The complexity of that role is what intrigues Gellis. The way he speaks of mezzanine financing sounds like the same rush that one gets from bungee jumping. He talks of the challenge and “the thrill of being a mezzanine lender.”

Of course success always makes life a little easier to bear. And Gellis is quick to credit those that have guided him along the way. Topping the list is his father, but he also recognizes Jim Fishel, a strategic planner from his early days at GE Capital. “He was a smart guy who’s seen it all, and Jim worked very hard to teach the young guys in the business what a deal was all about.”

From Fishel, Gellis learned to step back from a transaction and ask all the right questions in order to understand what is really happening and to identify each party’s motis operandi.

“He had the greatest impression on me in terms of my credit judgment, which I think – besides the personal skills my dad taught me is probably the number one effect on my personal career,” says Gellis.

Wickham Skinner, a professor Gellis had at Harvard, also offered some words of wisdom that Gellis still uses to this day. Gellis jokes he has probably repeated the most profound of them to his team at least 10 times. The message Gellis relays from Skinner is: “[When] you go out in the business world, if you make the right decision more than 50% of the time, then you’re a genius. You’re not going to do the right thing more than 50% of the time. The key to your success is not making the right decision, it’s managing the decision you make.”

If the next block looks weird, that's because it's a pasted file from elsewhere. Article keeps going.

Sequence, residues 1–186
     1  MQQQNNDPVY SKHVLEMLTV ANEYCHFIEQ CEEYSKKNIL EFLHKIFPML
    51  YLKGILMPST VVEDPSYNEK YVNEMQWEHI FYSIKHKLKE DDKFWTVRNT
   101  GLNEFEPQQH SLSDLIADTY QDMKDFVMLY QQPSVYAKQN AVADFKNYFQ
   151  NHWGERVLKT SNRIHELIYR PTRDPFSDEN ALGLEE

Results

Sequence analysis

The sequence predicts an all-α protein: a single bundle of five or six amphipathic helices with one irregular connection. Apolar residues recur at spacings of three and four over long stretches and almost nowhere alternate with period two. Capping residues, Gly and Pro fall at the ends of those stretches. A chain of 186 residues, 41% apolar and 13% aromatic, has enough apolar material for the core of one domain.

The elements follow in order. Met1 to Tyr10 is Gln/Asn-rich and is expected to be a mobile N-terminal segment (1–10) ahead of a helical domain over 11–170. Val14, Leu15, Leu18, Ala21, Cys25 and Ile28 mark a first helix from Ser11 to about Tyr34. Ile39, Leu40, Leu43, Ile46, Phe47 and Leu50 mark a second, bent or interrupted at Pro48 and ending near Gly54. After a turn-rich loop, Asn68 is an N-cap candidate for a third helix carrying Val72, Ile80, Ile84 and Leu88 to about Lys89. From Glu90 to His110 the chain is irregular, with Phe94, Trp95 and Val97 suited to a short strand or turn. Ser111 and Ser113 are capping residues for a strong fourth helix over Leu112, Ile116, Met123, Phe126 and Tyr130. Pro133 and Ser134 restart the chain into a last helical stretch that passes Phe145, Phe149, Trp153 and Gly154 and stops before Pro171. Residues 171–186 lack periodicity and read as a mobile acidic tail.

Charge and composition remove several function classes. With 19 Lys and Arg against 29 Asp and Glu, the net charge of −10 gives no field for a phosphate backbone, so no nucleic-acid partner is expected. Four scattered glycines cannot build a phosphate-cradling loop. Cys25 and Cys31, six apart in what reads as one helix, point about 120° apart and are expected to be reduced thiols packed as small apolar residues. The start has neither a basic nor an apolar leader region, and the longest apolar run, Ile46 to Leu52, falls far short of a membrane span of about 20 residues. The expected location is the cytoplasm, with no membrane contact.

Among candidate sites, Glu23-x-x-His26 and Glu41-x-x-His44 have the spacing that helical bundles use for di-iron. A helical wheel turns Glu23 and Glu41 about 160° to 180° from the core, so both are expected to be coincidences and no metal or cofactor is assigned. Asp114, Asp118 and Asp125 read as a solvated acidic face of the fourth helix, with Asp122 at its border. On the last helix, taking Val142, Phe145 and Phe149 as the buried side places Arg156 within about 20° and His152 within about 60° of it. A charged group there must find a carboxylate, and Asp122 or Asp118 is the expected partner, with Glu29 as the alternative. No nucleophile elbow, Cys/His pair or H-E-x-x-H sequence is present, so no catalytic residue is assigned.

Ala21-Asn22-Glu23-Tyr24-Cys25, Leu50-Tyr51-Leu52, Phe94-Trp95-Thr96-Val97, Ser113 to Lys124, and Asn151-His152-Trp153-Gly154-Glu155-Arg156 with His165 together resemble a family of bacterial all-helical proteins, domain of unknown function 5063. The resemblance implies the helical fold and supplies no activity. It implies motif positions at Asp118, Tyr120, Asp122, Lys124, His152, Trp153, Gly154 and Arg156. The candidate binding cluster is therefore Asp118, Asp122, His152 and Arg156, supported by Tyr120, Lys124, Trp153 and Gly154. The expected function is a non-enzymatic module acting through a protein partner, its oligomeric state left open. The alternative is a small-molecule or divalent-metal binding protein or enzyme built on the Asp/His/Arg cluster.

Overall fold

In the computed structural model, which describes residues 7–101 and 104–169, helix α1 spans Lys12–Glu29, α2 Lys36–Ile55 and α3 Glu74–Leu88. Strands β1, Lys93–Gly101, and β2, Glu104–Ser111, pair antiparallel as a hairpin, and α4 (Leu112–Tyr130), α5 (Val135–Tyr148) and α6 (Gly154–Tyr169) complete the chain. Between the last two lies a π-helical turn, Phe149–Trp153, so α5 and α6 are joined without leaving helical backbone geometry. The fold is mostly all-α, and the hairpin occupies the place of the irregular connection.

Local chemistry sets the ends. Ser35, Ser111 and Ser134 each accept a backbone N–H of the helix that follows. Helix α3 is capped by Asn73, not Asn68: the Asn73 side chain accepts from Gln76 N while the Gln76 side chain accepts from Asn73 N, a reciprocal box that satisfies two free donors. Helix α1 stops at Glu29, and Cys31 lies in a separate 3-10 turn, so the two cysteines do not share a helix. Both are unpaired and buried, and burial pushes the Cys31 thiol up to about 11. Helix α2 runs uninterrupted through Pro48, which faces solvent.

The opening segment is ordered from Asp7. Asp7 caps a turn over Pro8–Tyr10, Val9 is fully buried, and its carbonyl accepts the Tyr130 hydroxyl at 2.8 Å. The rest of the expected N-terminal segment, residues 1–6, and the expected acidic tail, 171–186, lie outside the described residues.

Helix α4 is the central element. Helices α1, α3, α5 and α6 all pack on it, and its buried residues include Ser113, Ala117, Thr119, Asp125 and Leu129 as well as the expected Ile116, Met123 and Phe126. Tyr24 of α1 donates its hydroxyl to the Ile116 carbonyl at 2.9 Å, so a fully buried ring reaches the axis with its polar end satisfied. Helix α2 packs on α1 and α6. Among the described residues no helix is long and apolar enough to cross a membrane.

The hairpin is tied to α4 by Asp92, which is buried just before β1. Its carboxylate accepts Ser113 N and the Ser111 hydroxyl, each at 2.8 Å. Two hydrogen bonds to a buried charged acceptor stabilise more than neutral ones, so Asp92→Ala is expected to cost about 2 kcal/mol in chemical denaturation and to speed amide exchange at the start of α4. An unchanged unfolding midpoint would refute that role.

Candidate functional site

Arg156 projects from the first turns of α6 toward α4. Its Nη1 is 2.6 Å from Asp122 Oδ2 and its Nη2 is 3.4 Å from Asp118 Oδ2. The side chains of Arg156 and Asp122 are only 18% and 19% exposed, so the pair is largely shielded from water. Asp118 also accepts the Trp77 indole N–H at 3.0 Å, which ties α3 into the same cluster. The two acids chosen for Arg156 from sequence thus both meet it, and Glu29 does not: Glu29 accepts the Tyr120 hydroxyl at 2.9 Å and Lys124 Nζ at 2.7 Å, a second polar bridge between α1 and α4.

And in his experience, Gellis has found the best management teams he worked with displayed this ability.

Though passionate about being a mezzanine player, Gellis also has a passion for another game – baseball. A lifetime fan of the New York Yankees, he played baseball all through his childhood and still likes to watch the Yankees play on his off time. At the time of this interview, Gellis was eagerly awaiting 61*, Billy Crystal‘s movie about Mickey Mantle and Roger Maris.

Following his parents’ lead, Gellis also is very involved in his temple in South Orange, N.J., as a member of the board of trustees and serving its foundation. “It just seemed very natural for me to give some of my time to do that because I belive you’ve got to give something back to society,” he says.

When not working at Blackstone or with his congregation, Gellis likes to play golf with his wife, Joan, who he says is a very good golfer that inspires him to become better.

He and his wife are also rearing the next generation. The older of his two sons is off to college this fall to major in math, while the younger one has his eye on the same career path as dad the Wharton School, Harvard and then the mezzanine business.

Get ready, Blackstone.

Fact Sheet

Howard Gellis

senior managing director,

Blackstone Mezzanine Group

Born: June 25, 1953, Bridgeport, CT

Education: B.S.E. (finance), University of Pennsylvania Wharton School, 1975; M.B.A., Harvard Business School, 1979

Career Path: E.I. duPont de Nemours & Co. 1975 – 1977; GE Credit Corp. 1979 – 1987; Alliance Capital Management (and predecessor Equitable Capital Management Corp.) 1987 – 1994; Nomura Holding America Inc. 1994 – 1999; The Blackstone Group 1999 – Present

Last Book Read: When Genius Failed: The Rise and Fall of Long-Term Capital Management by Roger Lowenstein

Favorite Book: Burr by Gore Vidal

Favorite Movie: Braveheart

Last Movie Seen: Hannibal

Favorite Food: Fried chicken livers

Favorite Web Site:

Favorite Travel Destination: Italy

Favorite Sports Team: New York Yankees

Favorite Musician: Jon Anderson of the band Yes

Wheels: Porsche Boxter

Pet Peeve: Cold calls from stock brokers

Most Admired Historical Figure: Abraham Lincoln

Favorite Quote: “The true measure of a man is how he treats someone who can do him absolutely no good.” – Samuel Johnson

Investment Philosophy: “Protect your downside risk while not precluding your upside potential.”